Several months before his sociopolitical crime drama The Wire premiered on HBO in 2002, creator David Simon sent his co-writer Bill Zorzi up to Yonkers, New York to do some interviews. Simon was intent on turning a housing desegregation battle that roiled Yonkers in the late 1980s into a miniseries. The story had many elements the former Baltimore Sun reporter-turned-TV-producer found appealing: a fierce standoff between the judicial system and the community, a flawed hero in the 200,000-person city's young mayor, painful discussions of class and race, and abundant political chicanery. But his schedule filled up with The Wire, and then Treme, so Simon had to put his exploration of the city's contentious real estate clashes on ice for more than a decade. If all goes as planned, the six-part miniseries Show Me a Hero, after Lisa Belkin's book of the same name, will finish filming in Yonkers this week, and will air on HBO later in the year.
The inciting incident came in 1985, when a federal court determined that the city of Yonkers and Yonkers Public Schools had deliberately engaged in race-based segregation of housing and schools for some 40 years, and ordered that 200 units of subsidized housing be built in a middle-class, primarily white part of the city. Previously, Yonkers' high-rise housing projects—which contained a huge percentage of the city's black and Hispanic residents— had all been concentrated in a small southwestern quadrant in the opposite part of town. The NAACP and the federal government had filed suit against the city in 1980, as they believed that using federal funds to exclusively build public housing in already-poor neighborhoods perpetuated poverty.
Residents of the eastern side of Yonkers erupted with what the New York Times calls a "near-riotous resistance to desegregation," and dug their heels in for a long fight. Even City Council members were "unusually willing to bankrupt the city in the effort to prevent the court order from taking effect." For two years, the city refused to abide by the court's decree. The resulting fines, which began at $1 but doubled daily, piled up. As Yonkers headed toward municipal bankruptcy, the story garnered national coverage, turning the town into an off-putting symbol of white hostility to desegregation.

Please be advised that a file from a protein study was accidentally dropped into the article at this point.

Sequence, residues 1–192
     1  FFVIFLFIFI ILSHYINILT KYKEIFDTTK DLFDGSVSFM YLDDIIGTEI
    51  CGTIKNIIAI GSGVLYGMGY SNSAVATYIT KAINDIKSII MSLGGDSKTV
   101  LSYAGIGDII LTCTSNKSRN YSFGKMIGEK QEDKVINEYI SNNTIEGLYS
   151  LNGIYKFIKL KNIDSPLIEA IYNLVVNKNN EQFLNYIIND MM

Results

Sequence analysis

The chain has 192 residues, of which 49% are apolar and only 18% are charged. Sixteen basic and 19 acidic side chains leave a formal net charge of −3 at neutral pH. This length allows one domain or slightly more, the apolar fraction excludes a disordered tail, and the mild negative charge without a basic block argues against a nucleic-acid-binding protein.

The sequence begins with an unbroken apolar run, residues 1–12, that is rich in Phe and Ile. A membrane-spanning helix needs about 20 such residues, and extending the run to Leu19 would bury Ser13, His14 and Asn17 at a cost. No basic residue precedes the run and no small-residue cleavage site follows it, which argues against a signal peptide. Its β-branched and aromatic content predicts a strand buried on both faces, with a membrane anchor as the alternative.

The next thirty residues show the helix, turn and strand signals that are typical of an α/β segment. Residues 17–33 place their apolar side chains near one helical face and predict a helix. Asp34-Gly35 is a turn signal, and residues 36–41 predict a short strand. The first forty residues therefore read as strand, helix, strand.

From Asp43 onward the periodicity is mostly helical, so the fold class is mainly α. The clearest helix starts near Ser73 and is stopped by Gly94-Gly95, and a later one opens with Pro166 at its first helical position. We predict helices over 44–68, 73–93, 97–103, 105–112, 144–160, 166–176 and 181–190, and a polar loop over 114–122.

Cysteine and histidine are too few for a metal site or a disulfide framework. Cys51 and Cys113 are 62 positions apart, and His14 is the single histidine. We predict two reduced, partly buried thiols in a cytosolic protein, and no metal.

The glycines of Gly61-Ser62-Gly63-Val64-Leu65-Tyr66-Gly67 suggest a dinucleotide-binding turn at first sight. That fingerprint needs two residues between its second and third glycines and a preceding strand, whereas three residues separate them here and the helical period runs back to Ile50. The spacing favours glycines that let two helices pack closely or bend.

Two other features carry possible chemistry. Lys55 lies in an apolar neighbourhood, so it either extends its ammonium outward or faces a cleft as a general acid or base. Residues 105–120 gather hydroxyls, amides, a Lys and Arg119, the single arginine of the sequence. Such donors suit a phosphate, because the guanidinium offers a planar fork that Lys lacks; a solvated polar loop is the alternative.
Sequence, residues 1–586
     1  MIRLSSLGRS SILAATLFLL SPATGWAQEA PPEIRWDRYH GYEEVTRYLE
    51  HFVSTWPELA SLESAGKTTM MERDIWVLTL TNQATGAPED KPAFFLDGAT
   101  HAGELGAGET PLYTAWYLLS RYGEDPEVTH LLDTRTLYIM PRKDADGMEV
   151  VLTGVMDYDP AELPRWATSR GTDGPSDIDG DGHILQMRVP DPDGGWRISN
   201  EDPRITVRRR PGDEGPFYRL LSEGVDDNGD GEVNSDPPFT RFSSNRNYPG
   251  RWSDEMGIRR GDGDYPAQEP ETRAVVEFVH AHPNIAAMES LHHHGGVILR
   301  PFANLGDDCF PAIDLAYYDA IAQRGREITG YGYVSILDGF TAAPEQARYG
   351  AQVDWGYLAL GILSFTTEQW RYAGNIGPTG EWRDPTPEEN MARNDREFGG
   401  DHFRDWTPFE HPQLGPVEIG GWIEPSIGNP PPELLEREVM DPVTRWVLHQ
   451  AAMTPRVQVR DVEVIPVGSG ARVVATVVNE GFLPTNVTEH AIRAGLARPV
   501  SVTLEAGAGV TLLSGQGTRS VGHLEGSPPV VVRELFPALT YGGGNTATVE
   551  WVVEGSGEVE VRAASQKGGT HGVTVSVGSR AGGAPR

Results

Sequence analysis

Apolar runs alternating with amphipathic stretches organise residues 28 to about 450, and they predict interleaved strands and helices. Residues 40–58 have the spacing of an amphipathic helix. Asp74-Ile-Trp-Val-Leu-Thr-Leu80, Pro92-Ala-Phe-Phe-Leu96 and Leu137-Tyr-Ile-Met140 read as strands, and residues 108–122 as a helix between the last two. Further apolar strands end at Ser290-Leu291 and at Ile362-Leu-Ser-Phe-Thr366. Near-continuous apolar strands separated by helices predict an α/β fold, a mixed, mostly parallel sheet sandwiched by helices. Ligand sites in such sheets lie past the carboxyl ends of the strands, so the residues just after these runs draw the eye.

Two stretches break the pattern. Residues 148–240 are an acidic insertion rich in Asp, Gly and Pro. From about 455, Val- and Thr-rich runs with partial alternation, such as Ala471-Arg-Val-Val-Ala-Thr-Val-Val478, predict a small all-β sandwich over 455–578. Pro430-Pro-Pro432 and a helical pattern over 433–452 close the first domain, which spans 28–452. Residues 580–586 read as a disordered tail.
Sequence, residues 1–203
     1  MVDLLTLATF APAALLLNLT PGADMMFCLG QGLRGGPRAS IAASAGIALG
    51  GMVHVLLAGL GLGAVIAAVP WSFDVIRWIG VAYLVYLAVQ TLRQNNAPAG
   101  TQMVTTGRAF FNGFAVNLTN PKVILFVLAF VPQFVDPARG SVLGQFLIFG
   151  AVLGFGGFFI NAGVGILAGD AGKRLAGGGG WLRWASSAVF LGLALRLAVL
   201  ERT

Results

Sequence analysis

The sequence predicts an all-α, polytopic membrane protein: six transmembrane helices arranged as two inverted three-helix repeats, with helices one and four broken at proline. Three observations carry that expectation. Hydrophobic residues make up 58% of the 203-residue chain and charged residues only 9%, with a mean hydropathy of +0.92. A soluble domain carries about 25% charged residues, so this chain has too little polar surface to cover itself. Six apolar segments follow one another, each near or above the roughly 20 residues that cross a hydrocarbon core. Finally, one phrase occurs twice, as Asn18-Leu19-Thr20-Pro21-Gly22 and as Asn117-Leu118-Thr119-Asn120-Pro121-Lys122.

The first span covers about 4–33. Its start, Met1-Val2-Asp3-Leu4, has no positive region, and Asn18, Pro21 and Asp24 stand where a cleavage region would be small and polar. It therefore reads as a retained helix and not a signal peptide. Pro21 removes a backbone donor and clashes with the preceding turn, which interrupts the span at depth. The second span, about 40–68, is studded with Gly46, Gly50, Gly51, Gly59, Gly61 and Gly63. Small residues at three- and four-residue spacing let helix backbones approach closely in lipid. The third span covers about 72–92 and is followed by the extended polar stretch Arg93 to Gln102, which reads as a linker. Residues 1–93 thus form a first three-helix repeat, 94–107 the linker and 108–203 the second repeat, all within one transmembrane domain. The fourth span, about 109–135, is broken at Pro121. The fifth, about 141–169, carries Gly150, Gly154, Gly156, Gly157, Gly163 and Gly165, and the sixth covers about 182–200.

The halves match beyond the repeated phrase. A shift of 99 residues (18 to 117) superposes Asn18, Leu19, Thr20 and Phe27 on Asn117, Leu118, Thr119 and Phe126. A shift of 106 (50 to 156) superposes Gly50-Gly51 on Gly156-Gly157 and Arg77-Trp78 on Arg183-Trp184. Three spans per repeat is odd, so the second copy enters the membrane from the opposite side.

In 1987, a junior congressman named Nicholas Wasicsko was elected mayor of Yonkers. He defeated the incumbent by running a campaign promising to appeal the court's decision to build public housing on the east side of town, and at 28, became the nation's youngest mayor. But days after his inauguration, Yonkers lost its appeal, and the next year the city was declared in contempt of the courts.
Voters expected Wasicsko to continue his stated opposition, but instead he switched course, and decided to finally comply with the court's housing desegregation order. At that point, the fines totaled around one million dollars per day, and had effectively shut down the city's operations. In order to avert bankruptcy, Wasicsko had to face off against an entrenched City Council. His actions likely saved Yonkers from financial ruin, but they ruined his political career. He was voted out in 1989, and committed suicide four years later, one month after he lost the Democratic primary for City Council president.
"His was an emphatically human story of courage," Amos Barshad writes in Grantland. "Wasicsko wasn't motivated by an amorphous spirit of justice and goodwill to all men. He was effectively forced into doing the right thing. But he did, ultimately, do the right thing. As the title of Simon's show suggests, in real life, this is what a hero looks like."
The miniseries is directed by Paul Haggis, who won the best picture Oscar in 2006 for his film Crash, which explored racial tensions in Los Angeles. Mayor Wasicsko is played by Oscar Isaac, the handsome star of the upcoming Star Wars Episode VII movie. The defeated incumbent mayor is played by Jim Belushi, and Winona Ryder and Catherine Keener are also on board, along with the Argentine actress Carla Quevedo.
Although it's rife with '80s power suits and dated-looking wood-paneled offices, this is hardly a contained period drama. Reverberations from the 1985 court decision and its contentious aftermath echoed into the last decade, when the final vestiges of the city's contentious housing segregation policy were finally settled in 2007. The "scatter-site housing" style that was mandated in Yonkers, where public buildings are dotted around wealthier areas, later became the national template for public housing.
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